Gaming is more than just big business -- it has a reach, importance and influence that belies its once niche status. Gaming has overtaken the film and music industries combined in terms of revenue, and has become an entertainment juggernaut -- a true cross-industry moneymaker. Gaming has also been acknowledged not just as a global cultural phenomenon but also as a major of engagement platform. After all, savvy politicians are making their way into the world of Among Us players streaming on Twitch, or hosting potential voters on their island in Animal Crossing.
When it comes to deploying video -- both on-demand and live -- content and delivering with a good quality of experience (QoE), there is no one-size-fits-all approach. But for almost any video streaming company, a multi-CDN strategy is needed to ensure that QoE and the ability to scale up to deliver it.
The single most frequent question I get from people discovering Varnish is "Do you support request collapsing?". And I must admit, it always catches me off guard, because of course, it has been doing so for years, and it's a caching server, so that's a must-have, right? (Yes, yes it is.)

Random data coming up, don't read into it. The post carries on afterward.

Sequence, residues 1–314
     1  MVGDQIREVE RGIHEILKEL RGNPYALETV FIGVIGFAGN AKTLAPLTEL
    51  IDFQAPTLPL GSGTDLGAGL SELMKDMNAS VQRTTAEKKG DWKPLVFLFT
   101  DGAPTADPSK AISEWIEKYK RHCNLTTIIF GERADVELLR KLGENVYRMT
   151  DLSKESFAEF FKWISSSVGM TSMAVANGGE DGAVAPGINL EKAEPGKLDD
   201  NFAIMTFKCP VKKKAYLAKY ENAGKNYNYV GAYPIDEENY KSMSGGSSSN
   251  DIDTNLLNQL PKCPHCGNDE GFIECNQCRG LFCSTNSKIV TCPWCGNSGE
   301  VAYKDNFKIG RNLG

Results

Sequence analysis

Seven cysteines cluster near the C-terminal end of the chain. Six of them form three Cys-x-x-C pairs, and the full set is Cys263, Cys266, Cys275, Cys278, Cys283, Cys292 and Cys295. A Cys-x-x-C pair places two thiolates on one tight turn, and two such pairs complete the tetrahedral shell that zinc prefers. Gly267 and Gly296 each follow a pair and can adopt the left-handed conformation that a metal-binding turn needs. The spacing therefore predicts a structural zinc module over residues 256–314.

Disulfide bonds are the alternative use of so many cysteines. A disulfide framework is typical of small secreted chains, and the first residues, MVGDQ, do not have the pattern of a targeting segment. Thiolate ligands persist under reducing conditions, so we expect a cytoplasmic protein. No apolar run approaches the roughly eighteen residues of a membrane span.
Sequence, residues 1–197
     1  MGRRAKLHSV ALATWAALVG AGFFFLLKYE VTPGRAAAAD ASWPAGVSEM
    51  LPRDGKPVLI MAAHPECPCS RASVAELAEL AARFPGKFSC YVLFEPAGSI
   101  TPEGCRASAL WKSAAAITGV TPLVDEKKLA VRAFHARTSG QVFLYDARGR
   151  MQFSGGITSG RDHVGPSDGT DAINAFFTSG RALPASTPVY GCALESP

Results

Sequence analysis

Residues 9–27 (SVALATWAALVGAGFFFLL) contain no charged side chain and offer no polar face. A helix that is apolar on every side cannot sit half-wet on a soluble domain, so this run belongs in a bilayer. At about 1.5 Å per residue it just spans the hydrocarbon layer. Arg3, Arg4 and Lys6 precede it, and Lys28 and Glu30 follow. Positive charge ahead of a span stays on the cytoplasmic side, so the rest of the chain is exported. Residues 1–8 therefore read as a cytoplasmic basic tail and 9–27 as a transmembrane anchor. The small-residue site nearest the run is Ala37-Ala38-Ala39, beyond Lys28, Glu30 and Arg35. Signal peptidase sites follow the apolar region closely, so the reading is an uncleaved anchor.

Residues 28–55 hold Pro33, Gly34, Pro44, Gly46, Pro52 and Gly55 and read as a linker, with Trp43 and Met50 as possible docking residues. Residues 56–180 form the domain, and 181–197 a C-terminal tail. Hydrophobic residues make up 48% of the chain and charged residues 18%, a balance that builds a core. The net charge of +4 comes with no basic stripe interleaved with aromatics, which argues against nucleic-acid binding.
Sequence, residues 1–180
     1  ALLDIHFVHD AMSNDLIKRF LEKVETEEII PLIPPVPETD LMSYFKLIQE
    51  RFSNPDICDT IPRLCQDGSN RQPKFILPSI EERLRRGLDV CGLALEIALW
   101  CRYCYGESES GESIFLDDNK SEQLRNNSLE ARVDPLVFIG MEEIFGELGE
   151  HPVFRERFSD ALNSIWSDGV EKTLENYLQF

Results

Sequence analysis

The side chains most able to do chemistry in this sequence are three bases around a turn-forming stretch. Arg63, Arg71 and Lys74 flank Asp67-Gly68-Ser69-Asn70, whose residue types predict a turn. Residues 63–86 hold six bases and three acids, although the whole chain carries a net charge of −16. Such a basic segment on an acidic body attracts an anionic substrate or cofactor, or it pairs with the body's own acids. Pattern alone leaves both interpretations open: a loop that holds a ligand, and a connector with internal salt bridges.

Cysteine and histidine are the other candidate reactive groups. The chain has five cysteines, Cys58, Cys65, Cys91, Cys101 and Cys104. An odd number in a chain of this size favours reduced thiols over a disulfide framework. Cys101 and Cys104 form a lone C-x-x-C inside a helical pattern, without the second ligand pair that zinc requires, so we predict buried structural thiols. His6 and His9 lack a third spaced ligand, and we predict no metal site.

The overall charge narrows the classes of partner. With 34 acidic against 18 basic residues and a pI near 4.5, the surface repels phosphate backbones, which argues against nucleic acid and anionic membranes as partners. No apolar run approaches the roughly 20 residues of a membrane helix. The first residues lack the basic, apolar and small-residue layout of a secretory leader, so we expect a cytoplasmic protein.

For this reason, in this post, we are going to review some of the little features we take for granted but that also make Varnish a great origin shield.
Video traffic makes up at least 80% of the content that gets delivered, and as the demand for smooth video streaming continues to dominate, the ways in which content gets delivered are becoming more creative and more customized.
One of the most common ways to satisfy the unpredictable nature of video traffic is to adopt a hybrid approach, or a multi-CDN strategy, letting content owners, broadcasters and technology companies deploy resources flexibly where and as needed to deliver superior video experiences at scale.